“We are proud to bring these important topics to visitors of our local libraries,” said County Behavioral Health Director Anne Robin. “The Behavioral Health Department is committed to partnering with unique organizations to educate and provide resources. These partnerships allow us to connect with new community members who may be needing our support and services.”
The informative galleries, which are on display at county branches in Atascadero, Arroyo Grande, and San Luis Obispo also support topics found in the library’s 2023 Book of Year: “All My Rage.”
“The Awareness Gallery is a wonderful complement to our Book of the Year selection, ‘All My Rage,’ by Sabaa Tahir, and highlights many of the book’s themes around alcoholism, stress, and mental health,” said Erica Thatcher from the County of San Luis Obispo Library. “We invite all readers and visitors to engage with the exhibits and hope it leads to greater conversations about supporting mental and physical wellness.”
The free, interactive gallery runs through April 30 and is available in English and Spanish. More information about the Awareness Gallery and exhibit hours can be found online at www.slolibrary.org.
Cal Poly Low Income Taxpayer Clinic Saved Clients $380,000
A married couple with an IRS bill that amounted to half their income was one of the 110 cases the Cal Poly Low Income Taxpayer Clinic addressed in 2022, according to the LITC’s recent annual report.
The LITC, which has been helping the community since 2010, enlists accounting students to assist people with tax conflicts, affording the students valuable learning experiences while having a positive impact on the community. Last year, according to its annual report, the clinic’s workload included 10 U.S. Tax Court cases, covering 154 separate legal issues. Overall, the clinic saved clients nearly $380,000 in decreased liabilities and obtained nearly $8,000 in refunds in the past year.
“Many of our clients are frightened of what might happen to them and unable to afford representation,” said LITC Director Lisa Sperow. “We are able to step in and help them understand their rights and responsibilities and let them move forward with their lives in a happier state.”
The married couple, who each worked as farm laborers while the wife was a part-time student, had a taxable income under $12,000 but received a 2021 bill from the IRS for $6,000. After investigating, the clinic learned the IRS had audited them for $30,000 of unreported income, which was based on wage and tax statement W-2 forms reported by a limited liability company the couple had never heard of.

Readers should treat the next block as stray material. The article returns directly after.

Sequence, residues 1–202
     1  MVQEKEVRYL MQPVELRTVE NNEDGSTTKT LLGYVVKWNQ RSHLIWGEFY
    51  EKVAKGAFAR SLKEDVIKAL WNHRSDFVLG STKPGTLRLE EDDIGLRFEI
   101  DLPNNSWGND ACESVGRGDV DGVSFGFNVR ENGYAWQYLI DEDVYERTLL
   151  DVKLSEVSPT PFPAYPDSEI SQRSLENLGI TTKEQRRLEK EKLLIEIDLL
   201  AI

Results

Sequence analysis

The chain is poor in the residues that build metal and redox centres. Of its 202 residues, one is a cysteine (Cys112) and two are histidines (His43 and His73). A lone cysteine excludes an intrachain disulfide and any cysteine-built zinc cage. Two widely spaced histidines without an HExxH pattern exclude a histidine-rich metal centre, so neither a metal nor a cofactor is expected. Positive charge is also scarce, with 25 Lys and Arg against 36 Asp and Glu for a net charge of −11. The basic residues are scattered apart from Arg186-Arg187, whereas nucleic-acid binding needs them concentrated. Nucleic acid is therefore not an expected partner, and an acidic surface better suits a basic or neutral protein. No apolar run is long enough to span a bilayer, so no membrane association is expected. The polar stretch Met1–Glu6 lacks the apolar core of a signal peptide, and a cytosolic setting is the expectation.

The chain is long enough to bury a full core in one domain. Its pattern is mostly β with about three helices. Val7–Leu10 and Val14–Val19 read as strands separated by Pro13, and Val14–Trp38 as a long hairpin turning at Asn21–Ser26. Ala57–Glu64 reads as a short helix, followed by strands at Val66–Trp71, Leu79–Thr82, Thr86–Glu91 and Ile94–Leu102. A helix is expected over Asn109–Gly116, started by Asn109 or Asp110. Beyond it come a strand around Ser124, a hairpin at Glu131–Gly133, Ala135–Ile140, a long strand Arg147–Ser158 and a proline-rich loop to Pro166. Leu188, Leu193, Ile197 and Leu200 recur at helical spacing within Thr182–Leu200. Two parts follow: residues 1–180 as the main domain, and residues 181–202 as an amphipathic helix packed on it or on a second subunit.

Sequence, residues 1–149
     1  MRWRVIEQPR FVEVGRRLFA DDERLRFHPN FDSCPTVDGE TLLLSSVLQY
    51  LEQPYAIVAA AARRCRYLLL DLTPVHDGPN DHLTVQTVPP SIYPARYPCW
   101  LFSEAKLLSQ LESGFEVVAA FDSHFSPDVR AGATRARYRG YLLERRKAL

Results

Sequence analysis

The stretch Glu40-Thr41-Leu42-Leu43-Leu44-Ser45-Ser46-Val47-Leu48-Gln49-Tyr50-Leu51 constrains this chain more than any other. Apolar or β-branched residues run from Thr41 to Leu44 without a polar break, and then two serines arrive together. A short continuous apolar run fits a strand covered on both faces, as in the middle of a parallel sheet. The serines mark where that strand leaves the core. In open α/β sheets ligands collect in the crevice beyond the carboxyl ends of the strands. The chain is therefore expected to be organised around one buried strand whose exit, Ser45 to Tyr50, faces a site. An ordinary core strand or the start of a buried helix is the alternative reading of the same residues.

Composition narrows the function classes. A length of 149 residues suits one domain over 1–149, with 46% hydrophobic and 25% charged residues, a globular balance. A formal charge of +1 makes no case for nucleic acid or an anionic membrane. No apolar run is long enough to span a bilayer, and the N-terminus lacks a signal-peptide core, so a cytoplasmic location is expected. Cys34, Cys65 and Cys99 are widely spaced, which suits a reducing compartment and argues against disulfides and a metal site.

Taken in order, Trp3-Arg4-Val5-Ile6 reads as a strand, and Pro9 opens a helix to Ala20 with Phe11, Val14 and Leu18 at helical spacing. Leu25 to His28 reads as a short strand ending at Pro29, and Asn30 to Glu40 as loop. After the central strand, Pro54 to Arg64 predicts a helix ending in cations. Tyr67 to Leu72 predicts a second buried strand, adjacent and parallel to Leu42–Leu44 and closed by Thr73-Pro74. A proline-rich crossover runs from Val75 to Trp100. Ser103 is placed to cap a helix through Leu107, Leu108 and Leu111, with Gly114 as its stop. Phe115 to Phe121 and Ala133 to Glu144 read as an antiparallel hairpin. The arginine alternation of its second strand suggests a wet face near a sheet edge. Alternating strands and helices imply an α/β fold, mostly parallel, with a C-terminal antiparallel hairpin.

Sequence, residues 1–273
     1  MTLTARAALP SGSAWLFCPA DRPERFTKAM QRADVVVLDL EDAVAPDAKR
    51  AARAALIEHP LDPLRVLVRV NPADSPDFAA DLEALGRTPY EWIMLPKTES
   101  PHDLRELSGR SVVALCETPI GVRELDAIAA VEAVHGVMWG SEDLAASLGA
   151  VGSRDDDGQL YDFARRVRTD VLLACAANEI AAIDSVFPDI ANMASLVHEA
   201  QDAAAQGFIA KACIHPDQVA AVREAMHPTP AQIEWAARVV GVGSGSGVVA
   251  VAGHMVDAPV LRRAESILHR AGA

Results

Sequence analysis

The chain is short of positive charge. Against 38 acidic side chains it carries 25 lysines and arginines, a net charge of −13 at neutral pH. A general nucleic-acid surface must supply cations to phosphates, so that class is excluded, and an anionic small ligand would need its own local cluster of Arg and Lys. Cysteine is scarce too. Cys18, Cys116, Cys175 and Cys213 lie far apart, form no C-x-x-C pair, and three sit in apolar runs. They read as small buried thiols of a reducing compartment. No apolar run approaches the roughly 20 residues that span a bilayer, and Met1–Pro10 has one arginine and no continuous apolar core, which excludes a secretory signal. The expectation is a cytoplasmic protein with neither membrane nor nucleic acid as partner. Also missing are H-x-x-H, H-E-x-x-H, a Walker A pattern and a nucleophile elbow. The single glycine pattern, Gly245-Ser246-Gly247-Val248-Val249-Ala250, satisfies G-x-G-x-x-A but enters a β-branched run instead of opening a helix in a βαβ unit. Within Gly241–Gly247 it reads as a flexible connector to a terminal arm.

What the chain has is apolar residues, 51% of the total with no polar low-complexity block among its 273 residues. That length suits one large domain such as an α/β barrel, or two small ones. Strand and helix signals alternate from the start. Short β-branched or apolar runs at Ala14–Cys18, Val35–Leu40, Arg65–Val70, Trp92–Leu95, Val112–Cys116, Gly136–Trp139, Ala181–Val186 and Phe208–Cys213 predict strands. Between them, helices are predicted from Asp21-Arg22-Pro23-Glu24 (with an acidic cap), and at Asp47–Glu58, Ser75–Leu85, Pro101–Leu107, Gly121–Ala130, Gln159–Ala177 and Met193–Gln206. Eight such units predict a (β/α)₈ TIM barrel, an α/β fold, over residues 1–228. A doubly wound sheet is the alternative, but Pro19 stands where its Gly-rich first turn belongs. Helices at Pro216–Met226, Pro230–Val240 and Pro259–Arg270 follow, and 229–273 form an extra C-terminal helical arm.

“We filed a petition on their behalf in tax court disputing the liability and an affidavit with the IRS claiming that the husband was the victim of identity theft,” Sperow said.
The clinic successfully argued the case during an IRS Appeals conference, and the liability was dropped.
Additionally, the clinic also performs outreach and advocacy functions, including recent reports seeking IRS and congressional changes on issues unfairly treating low-income taxpayers. Meanwhile, a panel of pro bono workers — including several alumni and David Chamberlain, an assistant professor of accounting and tax — volunteered to assist. Last year, pro bono workers volunteered 57 hours.
Students who work in the clinic are enrolled in BUS 463 — the clinic course — and their work helps fulfill their senior project requirements. Team leaders, who have completed the course, are paid positions.
The LITC is now holding a boot camp for its next round of student workers.The camp, which occurs the first two weeks of each quarter, covers confidentiality issues, tax research, identity theft, earned income tax credits and more before the newest recruits begin assisting locals — many of whom have troubling tax problems.
While the students work with numbers, they are also trained to work with people in distress.
“Students in the LITC tackle real legal cases for real people, dealing with complex issues in tax law while also providing empathy and support to those in need,” said Hunter Smith, an LITC student team leader. “Far more than providing students with practical accounting knowledge and a mastery of the tax dispute system, the LITC under director Lisa Sperow teaches students how to be people.”